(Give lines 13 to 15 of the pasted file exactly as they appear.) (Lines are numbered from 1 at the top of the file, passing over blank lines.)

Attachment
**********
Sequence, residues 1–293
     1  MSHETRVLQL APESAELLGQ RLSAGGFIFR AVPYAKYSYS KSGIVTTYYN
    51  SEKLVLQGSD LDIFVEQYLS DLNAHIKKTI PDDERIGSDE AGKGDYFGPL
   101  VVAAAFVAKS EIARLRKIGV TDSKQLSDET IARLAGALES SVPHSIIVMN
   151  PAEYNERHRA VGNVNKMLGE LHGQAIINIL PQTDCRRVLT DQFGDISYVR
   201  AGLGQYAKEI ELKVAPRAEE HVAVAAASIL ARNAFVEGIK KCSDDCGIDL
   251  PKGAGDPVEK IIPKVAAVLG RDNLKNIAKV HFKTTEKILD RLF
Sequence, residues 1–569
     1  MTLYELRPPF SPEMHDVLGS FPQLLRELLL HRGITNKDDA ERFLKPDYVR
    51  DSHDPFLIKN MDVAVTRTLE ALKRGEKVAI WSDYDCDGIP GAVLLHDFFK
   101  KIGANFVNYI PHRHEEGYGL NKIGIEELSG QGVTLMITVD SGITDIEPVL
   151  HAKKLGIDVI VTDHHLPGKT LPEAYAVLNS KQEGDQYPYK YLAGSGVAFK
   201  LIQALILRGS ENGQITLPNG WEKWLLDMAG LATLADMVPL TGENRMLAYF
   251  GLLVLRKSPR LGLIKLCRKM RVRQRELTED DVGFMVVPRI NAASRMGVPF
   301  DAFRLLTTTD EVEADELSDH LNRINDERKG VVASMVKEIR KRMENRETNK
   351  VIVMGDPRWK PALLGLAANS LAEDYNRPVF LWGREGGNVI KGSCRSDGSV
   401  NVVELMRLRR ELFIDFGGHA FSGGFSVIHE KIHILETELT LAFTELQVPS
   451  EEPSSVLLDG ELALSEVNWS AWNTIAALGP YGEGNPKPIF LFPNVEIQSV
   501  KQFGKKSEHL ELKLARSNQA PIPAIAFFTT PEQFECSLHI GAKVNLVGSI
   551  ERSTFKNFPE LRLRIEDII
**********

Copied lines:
   201  LIQALILRGS ENGQITLPNG WEKWLLDMAG LATLADMVPL TGENRMLAYF
   251  GLLVLRKSPR LGLIKLCRKM RVRQRELTED DVGFMVVPRI NAASRMGVPF
   301  DAFRLLTTTD EVEADELSDH LNRINDERKG VVASMVKEIR KRMENRETNK